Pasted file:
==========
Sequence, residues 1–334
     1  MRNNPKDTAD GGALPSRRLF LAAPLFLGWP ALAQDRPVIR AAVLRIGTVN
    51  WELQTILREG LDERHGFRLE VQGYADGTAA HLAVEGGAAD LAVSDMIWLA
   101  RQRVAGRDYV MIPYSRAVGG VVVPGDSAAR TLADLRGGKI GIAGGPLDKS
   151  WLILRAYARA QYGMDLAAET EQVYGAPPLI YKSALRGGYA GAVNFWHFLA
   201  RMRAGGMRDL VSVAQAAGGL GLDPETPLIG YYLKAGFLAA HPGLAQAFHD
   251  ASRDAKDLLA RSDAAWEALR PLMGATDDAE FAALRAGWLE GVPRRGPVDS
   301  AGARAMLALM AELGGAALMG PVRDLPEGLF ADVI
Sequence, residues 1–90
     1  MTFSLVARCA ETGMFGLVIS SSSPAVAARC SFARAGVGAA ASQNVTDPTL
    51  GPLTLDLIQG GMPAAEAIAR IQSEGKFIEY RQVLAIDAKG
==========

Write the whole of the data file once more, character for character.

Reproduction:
Sequence, residues 1–334
     1  MRNNPKDTAD GGALPSRRLF LAAPLFLGWP ALAQDRPVIR AAVLRIGTVN
    51  WELQTILREG LDERHGFRLE VQGYADGTAA HLAVEGGAAD LAVSDMIWLA
   101  RQRVAGRDYV MIPYSRAVGG VVVPGDSAAR TLADLRGGKI GIAGGPLDKS
   151  WLILRAYARA QYGMDLAAET EQVYGAPPLI YKSALRGGYA GAVNFWHFLA
   201  RMRAGGMRDL VSVAQAAGGL GLDPETPLIG YYLKAGFLAA HPGLAQAFHD
   251  ASRDAKDLLA RSDAAWEALR PLMGATDDAE FAALRAGWLE GVPRRGPVDS
   301  AGARAMLALM AELGGAALMG PVRDLPEGLF ADVI
Sequence, residues 1–90
     1  MTFSLVARCA ETGMFGLVIS SSSPAVAARC SFARAGVGAA ASQNVTDPTL
    51  GPLTLDLIQG GMPAAEAIAR IQSEGKFIEY RQVLAIDAKG